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Patch testing for contact dermatitis

Patch testing

Patch testing for contact dermatitis

Allergic contact dermatitis can be provoked by many chemicals, which can make discerning the origin of the reaction challenging. After all, different people react in different ways to different things. Often what triggers an allergic response in one individual will see no reaction in another. Despite this, it often manifests under the umbrella term of ‘eczema’ on any individual, regardless of that original cause. Thankfully, there are ways to narrow down the search. If you want to determine which specific substance is causing the inflammation, you might want to consider patch testing.

Patch testing helps to distinguish which substances may be causing an allergic reaction in a patient’s skin. It’s a useful puzzle to solve as the contact allergy can damage the skin. You can use other tests (such as blood testing) to look for sensitisation to fungal allergens. The problem with this though is that it might be only the aggravating factor, not the causative on. A patch test is a provocation test; the intention is to produce a local allergic reaction on a small area of the patient’s back, where the diluted chemicals are placed on a plaster.

Testing, 1, 2, 3

The initial process of patch testing generally takes no longer than around half an hour to apply the patch, though this can vary based on the number of allergens you are testing for. After 48 hours the consultant will remove the patches. However, it’s important to remember that the results of patch testing will not occur immediately after the removal of the plaster. Not everyone will see positive results; it can take between 2-4 days for a reaction to occur. After this period, you will return for a third appointment, and the consultant will record which of the allergens have yielded a noticeable effect on the skin.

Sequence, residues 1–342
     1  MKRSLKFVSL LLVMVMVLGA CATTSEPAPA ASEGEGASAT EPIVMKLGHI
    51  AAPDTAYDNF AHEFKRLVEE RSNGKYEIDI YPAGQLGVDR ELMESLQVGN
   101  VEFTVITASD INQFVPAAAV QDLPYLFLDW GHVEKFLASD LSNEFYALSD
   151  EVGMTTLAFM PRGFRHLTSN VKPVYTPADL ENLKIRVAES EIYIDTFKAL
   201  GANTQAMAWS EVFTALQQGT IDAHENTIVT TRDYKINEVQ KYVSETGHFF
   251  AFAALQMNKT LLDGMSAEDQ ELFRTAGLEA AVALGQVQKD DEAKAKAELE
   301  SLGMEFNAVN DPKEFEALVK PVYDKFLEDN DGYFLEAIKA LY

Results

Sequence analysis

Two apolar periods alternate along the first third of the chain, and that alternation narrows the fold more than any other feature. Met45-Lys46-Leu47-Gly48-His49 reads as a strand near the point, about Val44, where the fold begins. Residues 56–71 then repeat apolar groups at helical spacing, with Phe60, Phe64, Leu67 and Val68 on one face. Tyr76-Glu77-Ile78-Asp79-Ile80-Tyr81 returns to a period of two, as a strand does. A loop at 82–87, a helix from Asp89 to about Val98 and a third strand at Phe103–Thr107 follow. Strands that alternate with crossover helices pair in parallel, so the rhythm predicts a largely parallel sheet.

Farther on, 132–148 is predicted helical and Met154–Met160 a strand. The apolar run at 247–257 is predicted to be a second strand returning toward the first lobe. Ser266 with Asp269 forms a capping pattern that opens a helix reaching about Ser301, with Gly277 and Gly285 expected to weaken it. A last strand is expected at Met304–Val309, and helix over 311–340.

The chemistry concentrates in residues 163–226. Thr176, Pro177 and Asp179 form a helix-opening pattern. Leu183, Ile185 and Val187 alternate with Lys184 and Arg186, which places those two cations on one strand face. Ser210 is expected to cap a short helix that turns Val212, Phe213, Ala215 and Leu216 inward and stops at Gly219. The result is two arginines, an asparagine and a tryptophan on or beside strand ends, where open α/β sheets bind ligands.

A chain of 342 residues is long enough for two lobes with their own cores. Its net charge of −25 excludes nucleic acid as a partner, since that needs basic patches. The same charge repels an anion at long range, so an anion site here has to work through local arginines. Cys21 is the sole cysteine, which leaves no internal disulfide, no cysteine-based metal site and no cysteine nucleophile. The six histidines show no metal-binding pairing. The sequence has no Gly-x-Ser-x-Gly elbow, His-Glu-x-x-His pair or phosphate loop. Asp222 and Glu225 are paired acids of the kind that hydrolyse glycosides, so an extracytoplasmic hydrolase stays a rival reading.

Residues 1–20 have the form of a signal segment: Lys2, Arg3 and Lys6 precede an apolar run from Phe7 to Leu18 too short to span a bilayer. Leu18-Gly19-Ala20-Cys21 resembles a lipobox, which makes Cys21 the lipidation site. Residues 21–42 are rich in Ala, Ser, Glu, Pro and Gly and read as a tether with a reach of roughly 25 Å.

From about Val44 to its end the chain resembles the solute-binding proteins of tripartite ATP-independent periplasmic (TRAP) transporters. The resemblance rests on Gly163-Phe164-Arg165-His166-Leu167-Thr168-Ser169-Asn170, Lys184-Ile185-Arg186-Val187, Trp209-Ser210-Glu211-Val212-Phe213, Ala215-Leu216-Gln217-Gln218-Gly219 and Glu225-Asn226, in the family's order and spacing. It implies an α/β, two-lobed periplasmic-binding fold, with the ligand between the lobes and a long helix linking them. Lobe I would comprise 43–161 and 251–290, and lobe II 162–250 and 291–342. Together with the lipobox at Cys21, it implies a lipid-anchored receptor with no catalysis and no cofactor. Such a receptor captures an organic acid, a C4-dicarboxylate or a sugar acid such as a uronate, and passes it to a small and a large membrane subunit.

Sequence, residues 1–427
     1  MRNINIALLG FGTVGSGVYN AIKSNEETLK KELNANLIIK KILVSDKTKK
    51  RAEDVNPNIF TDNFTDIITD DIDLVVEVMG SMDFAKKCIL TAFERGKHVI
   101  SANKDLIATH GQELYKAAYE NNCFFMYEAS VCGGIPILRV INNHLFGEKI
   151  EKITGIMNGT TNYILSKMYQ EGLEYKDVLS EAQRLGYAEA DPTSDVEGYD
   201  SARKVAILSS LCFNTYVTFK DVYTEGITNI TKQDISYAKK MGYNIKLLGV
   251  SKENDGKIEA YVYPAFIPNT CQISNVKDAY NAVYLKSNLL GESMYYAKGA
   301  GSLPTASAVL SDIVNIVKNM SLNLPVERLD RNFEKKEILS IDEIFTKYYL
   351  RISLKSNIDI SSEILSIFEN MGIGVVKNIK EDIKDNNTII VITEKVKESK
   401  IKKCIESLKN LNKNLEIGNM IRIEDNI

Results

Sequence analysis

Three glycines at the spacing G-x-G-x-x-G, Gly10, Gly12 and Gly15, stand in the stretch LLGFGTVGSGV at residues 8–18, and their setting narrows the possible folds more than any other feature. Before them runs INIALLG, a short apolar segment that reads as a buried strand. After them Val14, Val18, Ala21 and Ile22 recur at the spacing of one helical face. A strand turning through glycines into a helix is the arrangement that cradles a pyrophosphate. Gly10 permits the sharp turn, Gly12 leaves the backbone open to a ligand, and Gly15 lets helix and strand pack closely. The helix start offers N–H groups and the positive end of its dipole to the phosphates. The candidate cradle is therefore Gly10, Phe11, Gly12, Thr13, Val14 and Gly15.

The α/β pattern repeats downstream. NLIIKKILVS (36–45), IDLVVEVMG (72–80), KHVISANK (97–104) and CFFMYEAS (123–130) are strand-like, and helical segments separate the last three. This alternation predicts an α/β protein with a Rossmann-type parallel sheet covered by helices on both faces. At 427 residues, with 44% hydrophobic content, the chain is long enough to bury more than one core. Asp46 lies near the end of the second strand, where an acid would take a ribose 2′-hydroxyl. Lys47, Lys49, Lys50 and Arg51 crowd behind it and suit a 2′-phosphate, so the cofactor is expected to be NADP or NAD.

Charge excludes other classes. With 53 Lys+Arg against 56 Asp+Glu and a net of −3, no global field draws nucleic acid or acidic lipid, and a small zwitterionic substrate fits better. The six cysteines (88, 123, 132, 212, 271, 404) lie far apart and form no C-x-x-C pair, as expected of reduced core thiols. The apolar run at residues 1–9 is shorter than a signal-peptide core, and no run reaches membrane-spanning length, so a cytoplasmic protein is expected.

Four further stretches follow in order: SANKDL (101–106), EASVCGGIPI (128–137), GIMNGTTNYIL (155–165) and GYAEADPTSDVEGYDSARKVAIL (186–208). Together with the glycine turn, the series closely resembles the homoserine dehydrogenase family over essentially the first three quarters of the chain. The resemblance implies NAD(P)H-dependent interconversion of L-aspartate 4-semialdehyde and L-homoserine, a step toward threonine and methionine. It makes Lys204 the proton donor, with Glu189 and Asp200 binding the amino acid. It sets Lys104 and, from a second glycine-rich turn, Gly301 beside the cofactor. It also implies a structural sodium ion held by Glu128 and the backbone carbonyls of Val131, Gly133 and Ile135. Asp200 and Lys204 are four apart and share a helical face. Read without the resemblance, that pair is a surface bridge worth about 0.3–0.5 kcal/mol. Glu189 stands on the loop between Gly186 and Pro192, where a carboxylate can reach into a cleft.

It’s also important to note that patch testing only tests for contact dermatitis triggered by chemicals, and not other types of allergy. In the case of food allergy or respiratory symptoms, you may also require a blood test or skin prick test. These processes can indicate allergic reactions to stimuli that do not provoke the same response as contact dermatitis.

The intention of patch testing is to indicate what is causing the allergic response, and when identified the patients will need to avoid the allergen that triggers the reaction. Ultimately, once you know what is causing your contact dermatitis, you can begin to adjust your lifestyle in ways that avoid as much contact with the implicated allergen as possible. For optimal skin health, maintaining a great skincare regime is vital and is likely to prevent further skin infection.

You can only carry out patch testing on the recommendation of a consultant. Our consultant will review your condition and advise if contact allergy is suspected and when patch testing can be done. Please book an appointment with one of our staff.

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